The Social Savvy Hope to Help in Kenya's March 4th Elections

Steve King called to tell me that Fresh Air, at 2 p.m. locally on public radio, would discuss possible riots in Nairobi as the March 4th election nears.  A few minutes later I exchanged text messages (or SMS, Short Message Service, as they are called in Kenya) with Jackson.  An aside: Jackson, who is truly like a son to me, and I fret if we don’t hear from each other every few days.  He is on his way home to Oltorotua and left his laptop at the Apple Store in Nairobi with Hellen Mutungi, who keeps Jackson and me connected online.

Jackson: In Nbi, left mac with Hellen for software update.  You can sms for any updates.

Me: We hear there is pre-election violence in Mathere. Hope it doesn’t spill into rest of Kenya. Take care.

Jackson: Im in Nbi city, only 15 mins to Mathare and Im not even aware of. Sometimes media makes little things big.

I hope Jackson is right! Why do we feel the media may be making too big a deal of possible violence? On March 4th Kenyans go to the polls in the first national election since 2007, when my husband, daughter, granddaughter, and I postponed a trip there for several months and were aghast daily as we read about the terror and killing. But this election may well be different!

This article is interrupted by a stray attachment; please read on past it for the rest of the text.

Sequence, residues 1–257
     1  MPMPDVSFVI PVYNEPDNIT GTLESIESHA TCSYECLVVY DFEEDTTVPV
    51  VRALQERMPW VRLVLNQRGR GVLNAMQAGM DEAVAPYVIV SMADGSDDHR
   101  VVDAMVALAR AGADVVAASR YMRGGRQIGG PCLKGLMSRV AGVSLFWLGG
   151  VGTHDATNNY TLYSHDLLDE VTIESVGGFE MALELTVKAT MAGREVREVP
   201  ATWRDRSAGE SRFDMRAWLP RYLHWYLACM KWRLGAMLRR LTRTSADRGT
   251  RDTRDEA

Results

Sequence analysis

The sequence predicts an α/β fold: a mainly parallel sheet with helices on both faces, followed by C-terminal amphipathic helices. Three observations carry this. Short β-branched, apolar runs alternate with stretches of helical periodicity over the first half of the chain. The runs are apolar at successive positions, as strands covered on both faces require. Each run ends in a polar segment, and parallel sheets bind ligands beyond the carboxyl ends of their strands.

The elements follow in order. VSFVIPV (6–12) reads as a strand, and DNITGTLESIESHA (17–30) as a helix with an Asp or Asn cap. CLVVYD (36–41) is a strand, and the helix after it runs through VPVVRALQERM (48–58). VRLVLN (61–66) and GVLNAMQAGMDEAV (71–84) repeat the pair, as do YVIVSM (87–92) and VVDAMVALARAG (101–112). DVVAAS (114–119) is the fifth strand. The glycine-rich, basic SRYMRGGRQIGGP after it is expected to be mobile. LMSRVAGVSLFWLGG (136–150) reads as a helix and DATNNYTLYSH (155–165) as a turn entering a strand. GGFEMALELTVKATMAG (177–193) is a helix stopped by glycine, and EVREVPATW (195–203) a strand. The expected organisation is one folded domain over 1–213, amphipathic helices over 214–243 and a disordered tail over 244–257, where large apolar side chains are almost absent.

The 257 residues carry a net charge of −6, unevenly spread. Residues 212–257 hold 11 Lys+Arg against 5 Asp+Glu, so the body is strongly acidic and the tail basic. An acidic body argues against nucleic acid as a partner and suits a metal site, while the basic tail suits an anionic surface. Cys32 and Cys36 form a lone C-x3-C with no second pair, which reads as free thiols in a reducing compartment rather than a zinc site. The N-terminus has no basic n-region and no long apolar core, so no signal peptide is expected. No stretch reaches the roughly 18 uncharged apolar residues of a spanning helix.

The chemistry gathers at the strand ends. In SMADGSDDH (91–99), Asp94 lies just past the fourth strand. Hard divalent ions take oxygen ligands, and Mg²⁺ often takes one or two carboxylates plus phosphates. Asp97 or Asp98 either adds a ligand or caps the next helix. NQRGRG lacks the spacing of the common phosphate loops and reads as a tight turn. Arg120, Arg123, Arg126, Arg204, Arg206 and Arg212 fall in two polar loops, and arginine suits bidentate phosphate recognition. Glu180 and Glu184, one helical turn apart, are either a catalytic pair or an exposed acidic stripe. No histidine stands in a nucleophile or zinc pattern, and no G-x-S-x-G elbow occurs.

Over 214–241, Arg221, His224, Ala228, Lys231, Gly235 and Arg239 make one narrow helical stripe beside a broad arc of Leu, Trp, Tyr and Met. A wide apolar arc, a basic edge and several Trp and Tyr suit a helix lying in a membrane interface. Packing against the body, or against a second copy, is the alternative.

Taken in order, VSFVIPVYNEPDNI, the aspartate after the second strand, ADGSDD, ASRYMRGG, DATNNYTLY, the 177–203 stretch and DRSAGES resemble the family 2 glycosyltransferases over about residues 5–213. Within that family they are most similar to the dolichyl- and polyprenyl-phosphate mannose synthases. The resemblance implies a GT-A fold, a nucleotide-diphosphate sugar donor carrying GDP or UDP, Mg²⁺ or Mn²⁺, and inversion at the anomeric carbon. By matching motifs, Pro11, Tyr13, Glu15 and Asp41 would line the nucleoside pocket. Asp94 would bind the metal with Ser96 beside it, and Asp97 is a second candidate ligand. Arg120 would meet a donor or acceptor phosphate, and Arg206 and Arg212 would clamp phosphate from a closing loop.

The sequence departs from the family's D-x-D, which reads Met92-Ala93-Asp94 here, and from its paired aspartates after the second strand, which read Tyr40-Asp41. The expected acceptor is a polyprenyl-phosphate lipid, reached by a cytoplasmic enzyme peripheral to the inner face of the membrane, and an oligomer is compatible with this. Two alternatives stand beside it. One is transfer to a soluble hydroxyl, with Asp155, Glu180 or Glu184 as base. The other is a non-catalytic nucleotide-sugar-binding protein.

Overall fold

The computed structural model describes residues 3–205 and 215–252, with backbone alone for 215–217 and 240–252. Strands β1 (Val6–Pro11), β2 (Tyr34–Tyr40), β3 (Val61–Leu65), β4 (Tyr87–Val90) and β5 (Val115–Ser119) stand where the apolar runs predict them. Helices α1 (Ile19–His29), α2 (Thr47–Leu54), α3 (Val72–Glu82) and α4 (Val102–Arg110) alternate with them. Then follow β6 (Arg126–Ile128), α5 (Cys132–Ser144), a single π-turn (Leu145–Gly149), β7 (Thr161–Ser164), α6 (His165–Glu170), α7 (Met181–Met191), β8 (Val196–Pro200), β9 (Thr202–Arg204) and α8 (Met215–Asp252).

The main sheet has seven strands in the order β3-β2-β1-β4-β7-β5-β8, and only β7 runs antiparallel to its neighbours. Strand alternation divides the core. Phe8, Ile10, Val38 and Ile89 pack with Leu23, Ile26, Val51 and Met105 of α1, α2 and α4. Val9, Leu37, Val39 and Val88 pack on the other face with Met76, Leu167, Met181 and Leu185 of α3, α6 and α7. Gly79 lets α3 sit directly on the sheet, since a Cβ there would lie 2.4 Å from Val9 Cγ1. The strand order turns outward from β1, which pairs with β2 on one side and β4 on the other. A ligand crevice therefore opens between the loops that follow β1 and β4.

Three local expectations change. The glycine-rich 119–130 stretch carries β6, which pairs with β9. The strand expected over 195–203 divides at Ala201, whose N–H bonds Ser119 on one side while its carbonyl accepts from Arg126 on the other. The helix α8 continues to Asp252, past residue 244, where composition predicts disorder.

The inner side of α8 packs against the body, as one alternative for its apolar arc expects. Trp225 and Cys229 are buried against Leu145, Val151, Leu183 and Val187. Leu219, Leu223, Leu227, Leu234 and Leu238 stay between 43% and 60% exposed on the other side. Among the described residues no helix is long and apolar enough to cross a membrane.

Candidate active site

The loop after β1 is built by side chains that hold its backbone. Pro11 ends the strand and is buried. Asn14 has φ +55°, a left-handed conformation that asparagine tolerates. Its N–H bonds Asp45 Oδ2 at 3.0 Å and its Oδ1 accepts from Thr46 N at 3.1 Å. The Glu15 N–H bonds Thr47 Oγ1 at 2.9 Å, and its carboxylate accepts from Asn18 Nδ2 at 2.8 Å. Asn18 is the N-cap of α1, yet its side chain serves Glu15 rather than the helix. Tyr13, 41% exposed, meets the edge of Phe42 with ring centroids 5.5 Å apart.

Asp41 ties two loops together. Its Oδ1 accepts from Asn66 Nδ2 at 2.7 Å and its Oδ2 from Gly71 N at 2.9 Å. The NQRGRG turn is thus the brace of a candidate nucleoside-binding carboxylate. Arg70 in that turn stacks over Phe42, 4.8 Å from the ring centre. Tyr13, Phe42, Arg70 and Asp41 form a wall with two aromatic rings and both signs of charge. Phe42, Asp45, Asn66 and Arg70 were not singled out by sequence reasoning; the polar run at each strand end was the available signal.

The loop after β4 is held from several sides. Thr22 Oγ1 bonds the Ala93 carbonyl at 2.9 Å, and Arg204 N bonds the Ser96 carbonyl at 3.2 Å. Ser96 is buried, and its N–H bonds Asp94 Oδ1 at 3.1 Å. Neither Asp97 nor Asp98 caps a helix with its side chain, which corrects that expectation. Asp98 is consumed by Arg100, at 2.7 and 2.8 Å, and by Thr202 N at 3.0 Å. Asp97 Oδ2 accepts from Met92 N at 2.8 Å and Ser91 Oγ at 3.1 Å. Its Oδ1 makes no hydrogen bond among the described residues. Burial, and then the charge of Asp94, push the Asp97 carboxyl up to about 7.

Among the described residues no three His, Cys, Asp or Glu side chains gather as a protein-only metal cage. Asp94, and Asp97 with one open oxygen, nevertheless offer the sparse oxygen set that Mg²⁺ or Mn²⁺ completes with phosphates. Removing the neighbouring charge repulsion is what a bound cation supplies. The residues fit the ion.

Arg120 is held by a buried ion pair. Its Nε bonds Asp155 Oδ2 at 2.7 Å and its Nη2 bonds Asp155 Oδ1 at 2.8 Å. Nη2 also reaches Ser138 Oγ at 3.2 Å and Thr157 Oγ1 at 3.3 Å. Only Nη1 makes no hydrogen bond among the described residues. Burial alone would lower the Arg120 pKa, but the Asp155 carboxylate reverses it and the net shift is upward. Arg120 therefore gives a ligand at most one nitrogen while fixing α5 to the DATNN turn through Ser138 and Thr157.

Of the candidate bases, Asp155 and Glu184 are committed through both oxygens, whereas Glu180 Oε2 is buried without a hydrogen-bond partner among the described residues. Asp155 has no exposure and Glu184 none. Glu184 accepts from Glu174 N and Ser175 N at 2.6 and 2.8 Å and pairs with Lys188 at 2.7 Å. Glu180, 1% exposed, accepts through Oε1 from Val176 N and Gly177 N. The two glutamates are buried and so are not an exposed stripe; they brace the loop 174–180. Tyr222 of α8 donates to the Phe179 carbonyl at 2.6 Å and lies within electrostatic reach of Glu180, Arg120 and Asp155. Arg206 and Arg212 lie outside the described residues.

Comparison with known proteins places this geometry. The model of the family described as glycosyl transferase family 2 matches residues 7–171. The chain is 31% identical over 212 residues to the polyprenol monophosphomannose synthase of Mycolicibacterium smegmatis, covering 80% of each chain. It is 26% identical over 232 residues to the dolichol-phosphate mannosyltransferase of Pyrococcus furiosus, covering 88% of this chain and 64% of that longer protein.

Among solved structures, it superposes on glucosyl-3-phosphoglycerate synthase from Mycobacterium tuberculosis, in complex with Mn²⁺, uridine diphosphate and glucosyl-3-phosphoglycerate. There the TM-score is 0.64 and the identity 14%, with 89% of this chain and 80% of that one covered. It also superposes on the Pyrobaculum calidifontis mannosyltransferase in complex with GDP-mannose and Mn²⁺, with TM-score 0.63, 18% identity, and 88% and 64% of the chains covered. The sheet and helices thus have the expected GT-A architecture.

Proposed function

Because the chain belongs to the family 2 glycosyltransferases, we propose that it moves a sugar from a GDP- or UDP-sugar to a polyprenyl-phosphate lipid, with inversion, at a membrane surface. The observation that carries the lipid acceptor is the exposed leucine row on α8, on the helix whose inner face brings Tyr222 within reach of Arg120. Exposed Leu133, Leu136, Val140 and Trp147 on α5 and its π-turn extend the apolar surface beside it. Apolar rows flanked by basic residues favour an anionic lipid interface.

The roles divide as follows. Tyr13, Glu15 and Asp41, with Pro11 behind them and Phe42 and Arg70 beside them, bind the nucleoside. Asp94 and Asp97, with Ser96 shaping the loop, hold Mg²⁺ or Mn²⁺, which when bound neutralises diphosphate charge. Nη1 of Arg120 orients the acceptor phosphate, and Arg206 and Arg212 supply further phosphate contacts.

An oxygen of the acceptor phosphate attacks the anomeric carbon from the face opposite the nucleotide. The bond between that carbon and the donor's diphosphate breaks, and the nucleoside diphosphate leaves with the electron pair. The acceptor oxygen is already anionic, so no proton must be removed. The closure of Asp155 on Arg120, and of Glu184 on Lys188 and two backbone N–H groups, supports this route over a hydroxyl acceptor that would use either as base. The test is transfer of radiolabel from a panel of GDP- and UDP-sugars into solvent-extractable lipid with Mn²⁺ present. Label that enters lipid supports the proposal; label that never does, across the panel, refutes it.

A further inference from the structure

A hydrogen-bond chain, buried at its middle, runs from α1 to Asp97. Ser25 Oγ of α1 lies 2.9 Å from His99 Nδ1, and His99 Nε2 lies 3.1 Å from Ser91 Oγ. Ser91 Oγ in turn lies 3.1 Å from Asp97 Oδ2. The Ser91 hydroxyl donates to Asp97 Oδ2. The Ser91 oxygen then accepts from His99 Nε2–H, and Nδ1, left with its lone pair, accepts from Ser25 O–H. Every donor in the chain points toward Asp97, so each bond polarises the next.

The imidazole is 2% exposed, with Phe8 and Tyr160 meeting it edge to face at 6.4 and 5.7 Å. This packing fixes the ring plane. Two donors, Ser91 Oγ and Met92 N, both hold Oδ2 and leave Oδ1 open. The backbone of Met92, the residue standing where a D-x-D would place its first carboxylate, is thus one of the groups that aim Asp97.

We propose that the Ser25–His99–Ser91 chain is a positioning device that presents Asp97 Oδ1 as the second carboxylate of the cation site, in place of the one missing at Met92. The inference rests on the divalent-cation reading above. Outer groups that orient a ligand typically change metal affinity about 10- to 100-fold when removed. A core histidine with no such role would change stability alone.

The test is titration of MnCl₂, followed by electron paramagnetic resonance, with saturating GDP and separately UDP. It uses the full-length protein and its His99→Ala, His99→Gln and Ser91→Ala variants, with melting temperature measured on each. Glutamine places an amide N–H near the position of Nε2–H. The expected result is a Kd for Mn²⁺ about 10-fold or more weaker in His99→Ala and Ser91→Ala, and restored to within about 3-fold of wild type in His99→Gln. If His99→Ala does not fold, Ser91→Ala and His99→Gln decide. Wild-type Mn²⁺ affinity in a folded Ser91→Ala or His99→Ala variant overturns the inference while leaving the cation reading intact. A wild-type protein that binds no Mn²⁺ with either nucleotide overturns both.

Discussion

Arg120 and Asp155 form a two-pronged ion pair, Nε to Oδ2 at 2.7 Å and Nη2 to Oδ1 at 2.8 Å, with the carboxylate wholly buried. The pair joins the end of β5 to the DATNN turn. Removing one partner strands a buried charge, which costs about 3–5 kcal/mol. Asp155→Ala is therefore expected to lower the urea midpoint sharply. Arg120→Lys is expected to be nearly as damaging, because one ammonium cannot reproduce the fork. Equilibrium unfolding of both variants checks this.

Gregory Warner, on NPR’s All Things Considered, reported that steps are being taken to use social media to encourage voting and halt those who see gain in death and disruption. Smartphones, now owned by 30 million Kenyans, will play a big role. In a 2010 constitutional referendum, a text message about young men with machetes outside a polling station — intended to incite — was stopped by a counter-text from on-the-ground election officials and two trucks of police who hightailed it to the polling station as a deterrent. Smartphones are expected to play an even bigger role in next week’s elections.

Not to forget the web presence. For example, Wangui Kaniaru, a corporate lawyer in Nairobi, has a website — — that explains the importance of the election:

Kenya is taking two giant steps:  Establishing the separation of powers between executive and legislature by electing a new President and a new legislature following the expiry of Mwai Kibaki’s term.  Establishing a new government structure by electing county governments that will manage development and budget expenditures on regional priorities.

One million Kenyans are on Facebook and Kaniaru hopes to reach them and encourage the vote because many, especially those in Kenya’s middle class, have given up expecting much of government and don’t vote.  

Kenyans, please vote and give the media and pundits only one sentence to report: The election went smoothly; all is well in Kenya.

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